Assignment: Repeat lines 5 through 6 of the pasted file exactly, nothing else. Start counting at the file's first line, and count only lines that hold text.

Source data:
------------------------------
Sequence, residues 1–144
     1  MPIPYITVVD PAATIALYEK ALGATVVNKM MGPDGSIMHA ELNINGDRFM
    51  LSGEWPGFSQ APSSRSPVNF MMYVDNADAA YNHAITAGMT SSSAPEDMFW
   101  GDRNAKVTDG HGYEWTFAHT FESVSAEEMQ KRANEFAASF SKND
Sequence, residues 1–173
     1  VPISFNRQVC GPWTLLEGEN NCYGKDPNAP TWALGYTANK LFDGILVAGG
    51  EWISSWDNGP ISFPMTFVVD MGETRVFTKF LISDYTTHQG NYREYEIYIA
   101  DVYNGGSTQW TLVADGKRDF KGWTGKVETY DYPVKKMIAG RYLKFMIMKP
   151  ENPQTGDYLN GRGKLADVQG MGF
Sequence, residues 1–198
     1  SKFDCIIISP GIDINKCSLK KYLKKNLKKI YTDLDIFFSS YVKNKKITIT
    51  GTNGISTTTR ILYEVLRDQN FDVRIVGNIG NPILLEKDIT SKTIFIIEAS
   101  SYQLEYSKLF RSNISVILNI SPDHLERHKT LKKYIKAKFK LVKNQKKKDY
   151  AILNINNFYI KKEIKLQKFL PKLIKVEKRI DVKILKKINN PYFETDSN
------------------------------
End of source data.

Sequence, residues 1–173
     1  VPISFNRQVC GPWTLLEGEN NCYGKDPNAP TWALGYTANK LFDGILVAGG